Once a “darling of the UK high street” fashion retailer Ted Baker has announced a sales slump, whilst in the midst of a turnaround plan, after several challenging years of trading.
The brand, famous for stamping a quirky twist onto formal fashion, has experienced a sales fall of 44% over the past financial year — impacted by the lack of consumer demand for formal wear, in a year when weddings and functions have been postponed through on/off lockdowns.
The business argues that it is now better placed to navigate the continuing disruption, with CEO Rachel Osbourne stating there had been a “very pleasing” return to demand since stores reopened and the business is actioning a transformation plan which also includes a greater focus on online sales.
Several retailers such as John Lewis Partnership and Marks & Spencer have felt the pain of Covid-19 more significantly if they were in a challenging position at the start of the pandemic, and this is certainly the case for Ted Baker.
At the time, the business was trying to recover from some earlier scandals including the departure of CEO and founder Ray Kelvin — following misconduct allegations, Mr Kelvin left the business in March 2019.
In December 2018, former employees launched an online petition on the workplace networking website Organise, accusing him of inappropriate behaviour. More than 200 Ted Baker staff pledged to finally breaking their silence after at least “50 recorded incidents of harassment” at the fashion retailer.
Mr Kelvin took immediate leave and months afterwards announced that although the business was his “life and soul”, having created the brand in 1988, that “the right thing to do is to step away from Ted”.
But the challenges didn’t stop there for the fashion retailer, which had been seen as a revolutionary brand in everything from store layout to designs that were loved internationally. There was also an accounting scandal to contend with.
Shares plummeted when the business announced in January 2020 that an accounting error it had highlighted a year earlier, was twice as big as initially thought, which meant there would be a £58 million deficit on its balance sheet.
Preliminary investigations demonstrated the business to had overestimated the value of stock held in January 2019 by between £20m and £25m. At the time in question, the company was audited by accountants KPMG.
After the appointment of accountants from Deloitte an investigation showed the real extent of the issue, with shares in the business falling nearly 10% on the release of the news.
And since then with the on/off lockdowns and stores being forced to close, alongside the huge shift in the type of fashion being purchased — the blues for Ted Baker haven’t lifted.
Ted Baker reported a pre-tax loss of £107.7 million for the year to the end of January 2021, previously stating a £77.6 million loss in the 12 months prior.
CEO Rachel Osborne, ex Debenhams CFO, who joined in March 2020 to transform the beleaguered fashion brand said: “While the impact of Covid-19 is clear in our results and has amplified some of the legacy issues impacting the business, Ted Baker has responded proactively and is in a much stronger place than it was a year ago.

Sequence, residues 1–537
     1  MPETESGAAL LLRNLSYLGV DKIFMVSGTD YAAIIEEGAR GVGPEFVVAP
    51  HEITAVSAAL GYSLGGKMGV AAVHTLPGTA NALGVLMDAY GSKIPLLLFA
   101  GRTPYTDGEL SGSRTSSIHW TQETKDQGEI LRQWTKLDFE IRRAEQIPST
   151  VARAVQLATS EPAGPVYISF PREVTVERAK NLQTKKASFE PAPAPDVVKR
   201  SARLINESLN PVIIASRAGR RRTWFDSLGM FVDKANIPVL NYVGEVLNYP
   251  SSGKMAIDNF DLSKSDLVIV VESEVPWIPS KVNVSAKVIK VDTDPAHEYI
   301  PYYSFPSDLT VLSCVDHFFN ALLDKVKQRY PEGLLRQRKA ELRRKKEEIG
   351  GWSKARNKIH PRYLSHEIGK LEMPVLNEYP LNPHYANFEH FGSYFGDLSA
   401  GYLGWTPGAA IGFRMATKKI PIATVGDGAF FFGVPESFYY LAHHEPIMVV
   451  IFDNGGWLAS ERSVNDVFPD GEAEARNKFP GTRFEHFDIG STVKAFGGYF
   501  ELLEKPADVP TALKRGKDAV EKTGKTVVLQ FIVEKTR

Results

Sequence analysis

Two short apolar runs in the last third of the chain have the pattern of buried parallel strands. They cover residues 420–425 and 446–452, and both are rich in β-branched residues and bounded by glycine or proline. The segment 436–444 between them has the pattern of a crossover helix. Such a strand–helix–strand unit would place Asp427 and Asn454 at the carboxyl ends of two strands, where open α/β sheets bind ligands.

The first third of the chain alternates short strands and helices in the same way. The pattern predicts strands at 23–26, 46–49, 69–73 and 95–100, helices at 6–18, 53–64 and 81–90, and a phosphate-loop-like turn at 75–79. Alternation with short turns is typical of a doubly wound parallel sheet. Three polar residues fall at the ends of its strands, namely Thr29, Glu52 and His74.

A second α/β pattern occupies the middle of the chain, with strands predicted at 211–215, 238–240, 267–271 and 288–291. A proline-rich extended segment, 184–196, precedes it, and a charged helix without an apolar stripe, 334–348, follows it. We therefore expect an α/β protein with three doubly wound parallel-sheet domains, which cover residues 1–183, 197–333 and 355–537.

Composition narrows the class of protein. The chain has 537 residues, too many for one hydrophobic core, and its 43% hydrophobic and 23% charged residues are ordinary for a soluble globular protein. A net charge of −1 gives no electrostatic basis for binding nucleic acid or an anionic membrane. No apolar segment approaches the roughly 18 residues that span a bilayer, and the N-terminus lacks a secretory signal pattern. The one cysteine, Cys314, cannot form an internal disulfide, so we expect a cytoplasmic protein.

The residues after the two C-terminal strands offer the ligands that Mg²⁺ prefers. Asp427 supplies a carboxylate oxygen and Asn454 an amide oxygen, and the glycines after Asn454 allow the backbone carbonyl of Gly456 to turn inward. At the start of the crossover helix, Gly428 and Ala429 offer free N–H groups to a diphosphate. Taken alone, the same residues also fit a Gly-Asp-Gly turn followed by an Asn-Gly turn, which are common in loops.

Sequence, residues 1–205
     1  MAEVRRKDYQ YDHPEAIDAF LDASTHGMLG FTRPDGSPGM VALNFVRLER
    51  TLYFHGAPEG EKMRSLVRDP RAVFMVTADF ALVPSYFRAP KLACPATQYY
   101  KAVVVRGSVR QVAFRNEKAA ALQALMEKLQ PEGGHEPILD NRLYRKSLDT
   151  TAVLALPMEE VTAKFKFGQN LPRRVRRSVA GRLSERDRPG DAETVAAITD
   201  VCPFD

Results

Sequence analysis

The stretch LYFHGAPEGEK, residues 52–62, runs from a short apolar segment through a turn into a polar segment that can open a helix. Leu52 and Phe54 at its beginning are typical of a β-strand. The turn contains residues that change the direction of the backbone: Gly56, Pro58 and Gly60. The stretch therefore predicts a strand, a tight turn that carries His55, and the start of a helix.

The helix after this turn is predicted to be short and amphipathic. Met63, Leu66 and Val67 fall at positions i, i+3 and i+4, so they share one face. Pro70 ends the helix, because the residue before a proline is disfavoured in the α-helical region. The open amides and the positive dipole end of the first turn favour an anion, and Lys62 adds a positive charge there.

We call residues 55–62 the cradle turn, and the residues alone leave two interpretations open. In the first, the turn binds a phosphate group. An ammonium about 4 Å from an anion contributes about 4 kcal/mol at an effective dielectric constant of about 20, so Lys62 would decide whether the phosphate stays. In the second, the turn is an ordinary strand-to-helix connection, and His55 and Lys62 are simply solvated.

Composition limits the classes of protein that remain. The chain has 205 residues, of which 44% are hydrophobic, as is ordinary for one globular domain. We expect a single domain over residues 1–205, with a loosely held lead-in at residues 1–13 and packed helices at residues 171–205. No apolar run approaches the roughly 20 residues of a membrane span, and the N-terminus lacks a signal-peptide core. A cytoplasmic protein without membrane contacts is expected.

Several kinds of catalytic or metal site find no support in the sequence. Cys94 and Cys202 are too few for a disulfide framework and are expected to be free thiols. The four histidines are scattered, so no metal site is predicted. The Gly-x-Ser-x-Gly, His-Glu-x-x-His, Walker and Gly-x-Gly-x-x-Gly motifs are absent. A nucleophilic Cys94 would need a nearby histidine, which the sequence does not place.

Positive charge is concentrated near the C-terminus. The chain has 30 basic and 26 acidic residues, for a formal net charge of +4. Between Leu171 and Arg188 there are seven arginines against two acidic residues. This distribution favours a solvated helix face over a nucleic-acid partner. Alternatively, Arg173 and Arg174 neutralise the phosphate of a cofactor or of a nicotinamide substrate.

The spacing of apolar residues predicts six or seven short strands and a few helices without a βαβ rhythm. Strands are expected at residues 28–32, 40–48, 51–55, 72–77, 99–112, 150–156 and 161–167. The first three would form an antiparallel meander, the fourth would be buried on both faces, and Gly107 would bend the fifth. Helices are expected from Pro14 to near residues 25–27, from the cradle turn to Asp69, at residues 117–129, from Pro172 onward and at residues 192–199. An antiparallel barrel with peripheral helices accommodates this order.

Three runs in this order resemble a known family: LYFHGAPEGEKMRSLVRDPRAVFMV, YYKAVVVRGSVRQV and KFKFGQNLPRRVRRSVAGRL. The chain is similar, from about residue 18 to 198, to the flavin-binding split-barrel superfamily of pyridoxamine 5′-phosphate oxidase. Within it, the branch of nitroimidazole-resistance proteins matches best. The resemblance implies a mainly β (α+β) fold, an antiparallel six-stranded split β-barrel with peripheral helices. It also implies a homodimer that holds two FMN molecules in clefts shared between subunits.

“During the period, we delivered robust cashflow generation, fixed our balance sheet, refreshed our senior leadership team and today we are upgrading our financial targets for the second time since outlining our new strategy last summer.
The business is reported to have signed an extension to its credit facility recently to deliver on its transformation plan.
But like many of its rivals, the business has more to focus on than just finance, in a fashion world that has transformed remarkably over the last 12 months.
Sales of fashion have been focussed on relevant trends like athleisurewear, as consumers have lived a very different existence, and fashion e-tailers like ASOS and Boohoo who have both made acquisitions of traditional high street brands, seem to have grown from strength to strength – despite both suffering questionable issues around their ethical and environmental policies. Additionally with environmental issues on the mind of consumers more than ever before — alternative offers around clothes rental and swapping to resale sites show signs of positive engagement and growth.
Just like high street casualties Debenhams and Topshop, could Ted Baker find the transformation more challenging than the board room predicts when you factor in the changing consumer?
More challenger brands are entering the market, more fashion labels are moving into DTC, buy now, pay later options allows many consumers to reach into a higher tier of a fashion offer to luxury brands and Ted Baker designs are not seen as being as disruptive as they once were.
It seems at a time when the brand was firefighting issues on ethics and finance, some competitors were maximising the online revolution and putting the consumer firmly at the heart of their campaigns.
Whether this might be “too little, too late” for Ted Baker, without significant change, is still yet to be seen.